The Greens - The new force on the Czech political scene?

One year ago, the Green Party was a small and relatively obscure political party that had some success at the municipal level, but its national poll numbers were well below the threshold necessary for participation in parliament. Today, the party has as much as ten percent in some polls two months before the general election. Who are the Greens and what is behind their meteoric rise in the polls?

Less than a year a go, the Czech Green Party had little hope of succeeding in this year's elections. Their preferences hovered at some two to three percent. At the same time, the party, made up mostly of NGO activists and environmentalists, was rife with internal squabbling and accusations.

But today the party is nearing ten percent in opinion polls and is being both lauded and attacked by the two leading Czech political parties: the conservative Civic Democrats, and the ruling Social Democrats

So who are the Czech Greens and how have they gained popularity so fast? The Green Party was originally formed shortly after the 1989 Velvet Revolution. However, throughout the 1990s, it was battered badly by financial scandals, personnel defections and a lack of direction. This changed in 2003, when a wave of new members, mostly from the ranks of environmental and other NGOs, joined the party. The new members also voted in new leadership headed by Jan Beranek and Jakub Patocka, two well-known leaders of environmental groups. This is when Ondrej Velek joined the party and Mr. Velek says that this was a time of great upheaval.

"I don't want to pretend that there were no conflicts. The party, because it was partly created by older members and the new radical NGOs, needed to have some natural conflicts or tensions. Also, the leadership of Honza Beranek and Jakub Patocka was a little bit more like NGO leadership. So it was more based on not fully democratic principles."

In the summer of 2005, with the party even more divided, a new candidate, Martin Bursík, who had been the environment minister in the caretaker government of Josef Tosovsky in 1997-1998, announced his intention to run for party chairman. Bursík's reputation and his background in professional politics, something that had been lacking in the Green Party up to this point, was the impetus for a new group of people to join the party. One of them was Zuzana Králová.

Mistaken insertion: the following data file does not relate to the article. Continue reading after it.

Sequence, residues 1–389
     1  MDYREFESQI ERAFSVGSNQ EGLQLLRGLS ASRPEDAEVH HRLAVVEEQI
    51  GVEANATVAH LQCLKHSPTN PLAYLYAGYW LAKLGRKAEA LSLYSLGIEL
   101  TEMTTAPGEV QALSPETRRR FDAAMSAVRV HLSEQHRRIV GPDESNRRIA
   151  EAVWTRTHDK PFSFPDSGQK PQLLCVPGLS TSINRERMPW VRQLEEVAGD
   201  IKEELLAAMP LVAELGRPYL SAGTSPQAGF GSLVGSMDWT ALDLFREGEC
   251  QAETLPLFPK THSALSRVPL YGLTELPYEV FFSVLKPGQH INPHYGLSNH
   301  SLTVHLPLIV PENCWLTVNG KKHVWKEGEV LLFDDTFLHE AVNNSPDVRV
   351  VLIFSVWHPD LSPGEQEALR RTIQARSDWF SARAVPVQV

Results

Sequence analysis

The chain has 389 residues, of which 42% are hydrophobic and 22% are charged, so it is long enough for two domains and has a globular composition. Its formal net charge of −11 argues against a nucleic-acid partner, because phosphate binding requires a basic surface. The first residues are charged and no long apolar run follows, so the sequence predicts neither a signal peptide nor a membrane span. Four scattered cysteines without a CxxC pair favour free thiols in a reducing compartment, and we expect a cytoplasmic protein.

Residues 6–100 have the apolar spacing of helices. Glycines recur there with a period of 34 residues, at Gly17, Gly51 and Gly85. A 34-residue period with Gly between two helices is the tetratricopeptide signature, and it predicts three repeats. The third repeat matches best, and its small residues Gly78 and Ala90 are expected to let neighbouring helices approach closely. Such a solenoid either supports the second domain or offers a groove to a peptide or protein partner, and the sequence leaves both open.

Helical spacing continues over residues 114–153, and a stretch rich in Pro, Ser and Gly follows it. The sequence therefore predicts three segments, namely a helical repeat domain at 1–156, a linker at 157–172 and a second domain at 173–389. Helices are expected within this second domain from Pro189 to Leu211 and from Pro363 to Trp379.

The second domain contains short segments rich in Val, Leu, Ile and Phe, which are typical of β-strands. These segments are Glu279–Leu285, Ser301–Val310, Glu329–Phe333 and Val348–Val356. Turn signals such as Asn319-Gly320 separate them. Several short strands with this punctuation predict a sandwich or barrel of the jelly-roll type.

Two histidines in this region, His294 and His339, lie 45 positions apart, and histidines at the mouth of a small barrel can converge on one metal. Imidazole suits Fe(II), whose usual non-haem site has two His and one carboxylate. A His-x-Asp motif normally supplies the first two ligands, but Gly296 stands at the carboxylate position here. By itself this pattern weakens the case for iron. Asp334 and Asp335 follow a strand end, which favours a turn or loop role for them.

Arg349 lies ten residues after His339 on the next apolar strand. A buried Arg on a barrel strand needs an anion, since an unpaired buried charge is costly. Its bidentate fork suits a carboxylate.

"When I was studying at university, I was working in a non-governmental organization. Through this I came to the Greens. My close friends were active in the Greens since, let's say 2002. And I was in doubt for a long time on whether to join a political party or not. But then, in June 2005, I felt that some change in the future can be made because I knew Martin Bursík would be a candidate for chairman in the Greens. I decided that this was a reason to join the Greens and work towards a new future."

Martin Bursik
It was with the election of Bursík as party chairman that the preferences of the Green Party started to grow so dramatically. Also, the new chairman helped shape an eclectic list of candidates that range from human rights activists and leftist newspaper columnists to folk singers and former liberal government officials. How does this strange amalgam of candidates focused around the electoral slogan "Quality of Life" manage to gain the lofty numbers it has? Political scientist Jiri Pehe has this explanation: